For thousands of years, the oil palm – indigenous to West Africa – has had an intimate relationship with people. An explosive expansion of oil palm groves throughout western and central Africa in the wake of a dry period around 2,500 years ago enabled human migration and agricultural development; in turn, humans facilitated oil palm propagation through seed dispersal and slash-and-burn agriculture.
Archaeological evidence shows that palm fruit and their oil already formed an integral part of West African diets 5,000 years ago.
With the exception of “royal” oil palm plantations, established in the 18th century for palm wine in the Kingdom of Dahomey, all of West Africa’s oil palms grew in wild and semi-wild groves.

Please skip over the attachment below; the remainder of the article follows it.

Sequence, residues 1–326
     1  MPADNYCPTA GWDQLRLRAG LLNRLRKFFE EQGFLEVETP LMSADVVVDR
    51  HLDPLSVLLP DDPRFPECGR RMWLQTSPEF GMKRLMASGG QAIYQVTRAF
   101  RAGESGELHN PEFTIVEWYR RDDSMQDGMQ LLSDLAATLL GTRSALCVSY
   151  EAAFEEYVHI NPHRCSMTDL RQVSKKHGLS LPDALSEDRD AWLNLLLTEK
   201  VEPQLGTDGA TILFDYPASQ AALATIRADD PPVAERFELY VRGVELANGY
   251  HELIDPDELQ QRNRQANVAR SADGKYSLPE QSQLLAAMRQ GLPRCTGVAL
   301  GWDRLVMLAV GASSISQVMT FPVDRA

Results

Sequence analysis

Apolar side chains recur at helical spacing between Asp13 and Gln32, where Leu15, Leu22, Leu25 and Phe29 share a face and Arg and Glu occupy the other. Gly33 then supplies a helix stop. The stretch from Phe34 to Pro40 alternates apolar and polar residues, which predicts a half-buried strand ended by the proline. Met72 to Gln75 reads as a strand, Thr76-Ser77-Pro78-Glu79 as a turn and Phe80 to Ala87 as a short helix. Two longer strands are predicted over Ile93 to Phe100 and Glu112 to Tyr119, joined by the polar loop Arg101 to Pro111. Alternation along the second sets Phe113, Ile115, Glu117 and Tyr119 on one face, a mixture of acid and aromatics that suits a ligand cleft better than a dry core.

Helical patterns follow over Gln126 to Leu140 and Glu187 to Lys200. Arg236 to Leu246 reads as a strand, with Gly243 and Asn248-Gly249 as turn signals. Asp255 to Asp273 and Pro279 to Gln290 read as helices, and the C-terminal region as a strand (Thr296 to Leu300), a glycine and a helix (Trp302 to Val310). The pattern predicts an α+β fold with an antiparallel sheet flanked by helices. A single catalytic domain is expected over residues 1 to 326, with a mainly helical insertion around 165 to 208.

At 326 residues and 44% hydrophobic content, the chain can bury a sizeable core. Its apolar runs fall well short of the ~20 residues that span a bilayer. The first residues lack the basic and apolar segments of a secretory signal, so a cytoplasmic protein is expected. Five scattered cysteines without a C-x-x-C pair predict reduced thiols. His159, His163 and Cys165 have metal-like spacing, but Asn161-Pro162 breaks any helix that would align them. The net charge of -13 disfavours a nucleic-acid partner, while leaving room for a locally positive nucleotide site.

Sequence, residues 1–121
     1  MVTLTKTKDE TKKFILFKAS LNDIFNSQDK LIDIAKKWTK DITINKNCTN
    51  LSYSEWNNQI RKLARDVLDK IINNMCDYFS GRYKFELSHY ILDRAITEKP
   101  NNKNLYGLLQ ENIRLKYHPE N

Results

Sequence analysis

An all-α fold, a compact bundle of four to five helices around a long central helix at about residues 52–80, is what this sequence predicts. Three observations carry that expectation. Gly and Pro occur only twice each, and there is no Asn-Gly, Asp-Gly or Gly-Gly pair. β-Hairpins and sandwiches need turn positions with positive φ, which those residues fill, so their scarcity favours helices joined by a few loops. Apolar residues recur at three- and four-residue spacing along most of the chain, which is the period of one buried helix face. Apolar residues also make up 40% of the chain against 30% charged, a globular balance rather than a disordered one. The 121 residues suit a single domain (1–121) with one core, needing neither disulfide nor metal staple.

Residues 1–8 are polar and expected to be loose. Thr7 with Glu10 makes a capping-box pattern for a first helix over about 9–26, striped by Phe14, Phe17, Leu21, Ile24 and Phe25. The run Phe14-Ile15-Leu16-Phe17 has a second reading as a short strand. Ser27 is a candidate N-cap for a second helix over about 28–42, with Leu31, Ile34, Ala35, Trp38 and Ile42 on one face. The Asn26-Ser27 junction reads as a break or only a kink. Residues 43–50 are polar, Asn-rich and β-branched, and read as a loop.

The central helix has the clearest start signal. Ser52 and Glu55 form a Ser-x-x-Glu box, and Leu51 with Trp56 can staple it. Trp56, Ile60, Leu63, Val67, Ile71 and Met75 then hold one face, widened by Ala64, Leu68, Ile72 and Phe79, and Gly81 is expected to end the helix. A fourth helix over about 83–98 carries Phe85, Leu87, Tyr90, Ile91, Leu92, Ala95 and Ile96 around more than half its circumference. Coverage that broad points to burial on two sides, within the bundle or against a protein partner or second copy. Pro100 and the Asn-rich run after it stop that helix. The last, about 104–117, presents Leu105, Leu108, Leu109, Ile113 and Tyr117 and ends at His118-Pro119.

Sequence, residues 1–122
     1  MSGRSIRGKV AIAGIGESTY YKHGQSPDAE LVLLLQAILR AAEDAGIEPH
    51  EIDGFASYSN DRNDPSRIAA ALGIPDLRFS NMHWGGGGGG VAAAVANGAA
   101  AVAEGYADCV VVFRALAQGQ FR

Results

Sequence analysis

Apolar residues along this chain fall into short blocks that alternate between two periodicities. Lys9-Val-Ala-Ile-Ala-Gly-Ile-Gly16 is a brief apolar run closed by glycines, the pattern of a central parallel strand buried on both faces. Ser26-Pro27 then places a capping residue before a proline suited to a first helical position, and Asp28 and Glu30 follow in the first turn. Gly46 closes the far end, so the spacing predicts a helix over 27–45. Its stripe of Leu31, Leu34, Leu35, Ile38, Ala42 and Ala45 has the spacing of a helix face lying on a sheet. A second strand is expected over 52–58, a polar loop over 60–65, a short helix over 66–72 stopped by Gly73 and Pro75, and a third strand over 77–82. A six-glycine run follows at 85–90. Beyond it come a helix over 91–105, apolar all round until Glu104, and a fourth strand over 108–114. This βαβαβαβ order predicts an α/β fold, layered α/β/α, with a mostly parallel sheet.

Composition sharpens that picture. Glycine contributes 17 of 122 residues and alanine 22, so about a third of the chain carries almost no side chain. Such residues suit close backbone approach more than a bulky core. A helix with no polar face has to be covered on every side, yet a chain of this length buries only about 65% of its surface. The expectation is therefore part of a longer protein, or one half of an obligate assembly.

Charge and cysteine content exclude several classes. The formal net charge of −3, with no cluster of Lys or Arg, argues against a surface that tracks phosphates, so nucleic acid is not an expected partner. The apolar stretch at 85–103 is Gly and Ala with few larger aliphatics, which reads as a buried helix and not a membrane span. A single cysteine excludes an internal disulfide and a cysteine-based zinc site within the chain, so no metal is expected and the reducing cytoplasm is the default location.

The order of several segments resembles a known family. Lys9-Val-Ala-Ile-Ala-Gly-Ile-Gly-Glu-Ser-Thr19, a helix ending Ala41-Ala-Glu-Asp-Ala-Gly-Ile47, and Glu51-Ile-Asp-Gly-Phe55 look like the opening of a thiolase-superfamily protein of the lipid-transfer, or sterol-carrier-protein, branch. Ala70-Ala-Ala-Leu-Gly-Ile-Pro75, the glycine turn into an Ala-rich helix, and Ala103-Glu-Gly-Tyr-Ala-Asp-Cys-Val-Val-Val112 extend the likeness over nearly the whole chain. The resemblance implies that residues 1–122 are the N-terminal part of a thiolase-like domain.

Women and children collected loose fruits from the ground, while men harvested fruit bunches by climbing up to the top of the palms. The fruit was then processed into palm oil by women, through a time-consuming and labour-intensive process involving repetitively boiling and filtering the fresh fruits with water. Similar methods are still widely used throughout West Africa.
Source: The Conversation